Connect with us

Hills & Heights

RVA Tails: Pony Pasture Turtle

One of the many critters who share our neighborhood.

Avatar

Published

on

Spotted this morning at Pony Pasture.

Common Name: Eastern Box Turtle
Scientific Name: Terrapene carolina carolina
Genus: Terrapene is derived from Native Americans (Algonquin) which means “turtle”.
Average Length: 4.5 – 6 in. (11.5 – 15.2 cm)
Virginia Record Length: 6.1 in. (15.6 cm)
Record length: 7.8 in. (19.8 cm)

REPRODUCTION: In Virginia, box turtles usually have one clutch of 2-7 eggs per year In the wild, mating has been observed in April-October, while nesting usually occurs May through July. Some delayed fertilization has been noted. Smallest male and female at maturity was 110 mm CL. They take about 10-20 years to mature. Nests are excavated with hind limbs and can be in any soil type. Nest is usually 6-8 cm deep. Eggs approximately averaged 35.4 x 21.3 mm and weighed 7.8-13.0 grams. Incubation in lab was 56-75 days. Reports from the wild are 69-136 days. Overwintering in the nest may occur.

BEHAVIOR: Quite secretive, this species is diurnal, but active in late spring, early summer. They become very active and easily captured after summer rainstorms. They are omnivores and have been known to be a good source of seed dispersal. They will eat earthworms, mushrooms, berries, insects, amphibians and carrion. The young are primarily carnivorous. They are active about early May to October but they may be active earlier and later. They overwinter buried in leaves and soil. They seek damp mud or pools when temperatures get too high. They are found in most open forested habitats with lots of cover.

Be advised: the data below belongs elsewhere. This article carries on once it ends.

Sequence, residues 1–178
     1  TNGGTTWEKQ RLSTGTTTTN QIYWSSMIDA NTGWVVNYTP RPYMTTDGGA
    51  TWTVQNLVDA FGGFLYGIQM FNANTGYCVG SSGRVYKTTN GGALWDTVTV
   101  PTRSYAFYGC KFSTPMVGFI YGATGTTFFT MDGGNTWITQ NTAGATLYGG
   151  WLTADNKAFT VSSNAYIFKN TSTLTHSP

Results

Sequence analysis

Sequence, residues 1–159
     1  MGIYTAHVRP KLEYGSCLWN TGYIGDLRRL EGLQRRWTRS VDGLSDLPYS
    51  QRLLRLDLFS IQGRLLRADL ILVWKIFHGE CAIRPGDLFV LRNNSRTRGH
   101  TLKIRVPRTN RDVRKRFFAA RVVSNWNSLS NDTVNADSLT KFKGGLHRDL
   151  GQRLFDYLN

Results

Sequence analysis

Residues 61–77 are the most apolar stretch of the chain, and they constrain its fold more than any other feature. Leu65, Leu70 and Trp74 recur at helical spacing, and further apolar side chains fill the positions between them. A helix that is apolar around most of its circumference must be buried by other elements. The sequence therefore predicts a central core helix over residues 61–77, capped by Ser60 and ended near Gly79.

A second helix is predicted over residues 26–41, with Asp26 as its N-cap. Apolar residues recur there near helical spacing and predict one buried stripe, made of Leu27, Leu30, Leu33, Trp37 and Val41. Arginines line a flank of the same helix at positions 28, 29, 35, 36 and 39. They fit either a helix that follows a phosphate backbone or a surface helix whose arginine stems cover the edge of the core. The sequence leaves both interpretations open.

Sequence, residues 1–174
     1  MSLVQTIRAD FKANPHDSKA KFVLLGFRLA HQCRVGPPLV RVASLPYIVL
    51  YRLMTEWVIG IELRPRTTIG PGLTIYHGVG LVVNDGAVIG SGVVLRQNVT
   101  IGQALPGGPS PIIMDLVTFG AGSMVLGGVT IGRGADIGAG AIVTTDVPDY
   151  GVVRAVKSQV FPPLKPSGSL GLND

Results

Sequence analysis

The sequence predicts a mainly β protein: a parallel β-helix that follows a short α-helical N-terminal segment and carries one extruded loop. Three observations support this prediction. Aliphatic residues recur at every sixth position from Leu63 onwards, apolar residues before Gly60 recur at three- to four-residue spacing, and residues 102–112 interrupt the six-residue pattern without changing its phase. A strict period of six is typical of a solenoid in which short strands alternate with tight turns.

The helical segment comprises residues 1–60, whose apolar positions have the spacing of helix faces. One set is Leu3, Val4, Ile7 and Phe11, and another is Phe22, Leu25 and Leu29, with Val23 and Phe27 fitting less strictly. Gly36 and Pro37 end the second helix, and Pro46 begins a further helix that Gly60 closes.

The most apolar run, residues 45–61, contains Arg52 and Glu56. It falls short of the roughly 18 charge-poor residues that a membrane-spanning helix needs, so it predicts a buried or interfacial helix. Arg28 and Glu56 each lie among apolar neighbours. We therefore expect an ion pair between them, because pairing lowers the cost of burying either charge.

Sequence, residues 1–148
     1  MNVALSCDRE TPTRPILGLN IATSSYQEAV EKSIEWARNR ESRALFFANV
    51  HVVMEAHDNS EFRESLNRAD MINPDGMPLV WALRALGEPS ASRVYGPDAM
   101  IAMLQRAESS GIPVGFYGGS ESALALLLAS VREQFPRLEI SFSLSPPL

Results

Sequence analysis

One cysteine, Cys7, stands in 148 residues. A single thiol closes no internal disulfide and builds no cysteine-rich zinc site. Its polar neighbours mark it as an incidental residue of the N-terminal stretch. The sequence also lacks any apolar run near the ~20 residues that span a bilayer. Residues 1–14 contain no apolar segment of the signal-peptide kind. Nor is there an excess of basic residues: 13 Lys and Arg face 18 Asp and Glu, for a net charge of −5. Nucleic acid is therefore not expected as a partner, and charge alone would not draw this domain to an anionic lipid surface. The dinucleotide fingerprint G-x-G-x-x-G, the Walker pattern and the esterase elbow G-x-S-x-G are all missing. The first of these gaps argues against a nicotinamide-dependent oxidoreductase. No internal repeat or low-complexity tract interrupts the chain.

Turtles facts courtesy of Virginia Herpetological Society.

Comments

comments

Richard Hayes is the co-founder of RVAHub. When he isn't rounding up neighborhood news, he's likely watching soccer or chasing down the latest and greatest board game.

Continue Reading
Advertisement

Community

Critters of the Week

A wild critter we spotted in the RVA area and a critter up for adoption by SPCA or RACC.

Avatar

Published

on

Where Spotted: Westover Hills
Common Name:  Common Starling or European Starling
Scientific Name: Sturnus vulgaris
Length: 7.5–9.1 in
Weight: 2.0–3.6 oz
Wingspan: 12–17 in

Quick Facts Courtesy of All About Birds

  • All the European Starlings in North America descended from 100 birds set loose in New York’s Central Park in the early 1890s. The birds were intentionally released by a group who wanted America to have all the birds that Shakespeare ever mentioned. There are now over 200 million European Starlings and they range from Alaska to Mexico.
  • Because of their recent arrival in North America, all of our starlings are closely related. Genetically, individuals from Virginia are nearly indistinguishable from starlings sampled in California, 3,000 miles away. Such little genetic variation often spells trouble for rare species, but seems to offer no ill effects to starlings so far.
  • Starlings are strong fliers that can get up to speeds of 48 mph.
  • In studies of starlings’ sense of taste, scientists have discovered that they can taste salt, sugars, citric acid, and tannins (bitter compounds that occur in many fruits, including acorns and grapes). They can tell the difference between sucrose (table sugar) and other kinds of sugars – helpful since starlings lack the ability to digest sucrose.
  • Starlings are great vocal mimics: individuals can learn the calls of up to 20 different species. Birds whose songs starlings often copy include the Eastern Wood-Pewee, Killdeer, meadowlarks, Northern Bobwhite, Wood Thrush, Red-tailed Hawk, American Robin, Northern Flicker, and many others.

 

Benjamin at Richmond SPCA